“The Changing of the Guards”?

British Prehistoric Collections and Archaeology in the Museums of the Future

in Museum Worlds
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  • 1 Australian National University Catherine.frieman@anu.edu.au
  • 2 British Museum NWilkin@britishmuseum.org
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ABSTRACT

Over the past 30 years, Britain’s large archaeological museums and collections have shifted their focus away from academic visitors exploring their stores and collections and toward the dynamic presentation of permanent and temporary displays. These are arranged to emphasize compelling and relevant interpretative narratives over the presentation of large numbers of objects. The shift to digitization and the online presentation of collections is a major feature of public engagement activities at many museums but also might open older and less accessible collections up to research. In this article, we consider what role digital platforms may have in the future of British museum-based archaeology, with special reference to initiatives at the British Museum. We suggest that online collections have the potential to mediate between engaging the public and allowing professional archaeologists to develop sophisticated research programs, since these platforms can present multiple narratives aimed at different audiences.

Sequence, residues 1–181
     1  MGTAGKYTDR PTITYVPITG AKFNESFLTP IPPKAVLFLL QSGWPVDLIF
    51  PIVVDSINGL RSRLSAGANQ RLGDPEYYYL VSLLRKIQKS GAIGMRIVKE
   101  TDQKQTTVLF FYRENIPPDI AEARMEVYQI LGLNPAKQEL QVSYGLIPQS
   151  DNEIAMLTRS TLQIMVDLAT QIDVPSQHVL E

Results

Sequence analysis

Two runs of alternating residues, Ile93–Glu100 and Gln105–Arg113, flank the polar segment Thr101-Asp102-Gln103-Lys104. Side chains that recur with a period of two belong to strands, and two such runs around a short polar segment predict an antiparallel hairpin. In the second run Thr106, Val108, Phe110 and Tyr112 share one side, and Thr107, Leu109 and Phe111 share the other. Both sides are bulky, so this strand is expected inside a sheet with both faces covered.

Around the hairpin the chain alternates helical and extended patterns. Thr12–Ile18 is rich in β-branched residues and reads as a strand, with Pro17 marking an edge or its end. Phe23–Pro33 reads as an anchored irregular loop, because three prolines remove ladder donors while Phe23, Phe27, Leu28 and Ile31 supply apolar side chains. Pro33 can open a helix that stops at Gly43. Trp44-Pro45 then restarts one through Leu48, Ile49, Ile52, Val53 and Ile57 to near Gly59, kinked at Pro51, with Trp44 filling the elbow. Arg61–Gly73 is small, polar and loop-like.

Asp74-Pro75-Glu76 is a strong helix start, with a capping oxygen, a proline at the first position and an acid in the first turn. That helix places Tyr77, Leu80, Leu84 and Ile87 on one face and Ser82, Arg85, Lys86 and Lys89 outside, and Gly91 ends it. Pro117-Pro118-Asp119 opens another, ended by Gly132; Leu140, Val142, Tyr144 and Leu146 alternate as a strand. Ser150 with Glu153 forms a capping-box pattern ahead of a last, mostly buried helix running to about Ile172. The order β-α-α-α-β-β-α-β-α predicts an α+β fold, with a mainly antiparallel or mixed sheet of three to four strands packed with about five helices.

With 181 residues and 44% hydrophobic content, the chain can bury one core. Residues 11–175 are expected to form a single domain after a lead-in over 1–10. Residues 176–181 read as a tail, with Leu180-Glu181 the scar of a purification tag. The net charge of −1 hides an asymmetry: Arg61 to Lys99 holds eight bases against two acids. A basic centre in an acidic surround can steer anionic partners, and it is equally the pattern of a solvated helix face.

Contributor Notes

CATHERINE FRIEMAN is a senior lecturer in European archaeology at the Australian National University. She is a specialist in knapped and ground-stone tools and currently has field projects in the Europe and Australia. Her research interests include the nature of archaeological inquiry, innovation, skeuomorphism, and the beginning of the Metal Ages.

NEIL WILKIN is the curator of European Bronze Age collections at the British Museum. His research interests include socioeconomic links between Bronze Age ceramics and metalwork, funerary practices and the material culture of death, and new approaches to the study and creation of classifications and typo-chronologies. He is currently the project leader of the Asahi Shimbun Room 3 displays at the British Museum.

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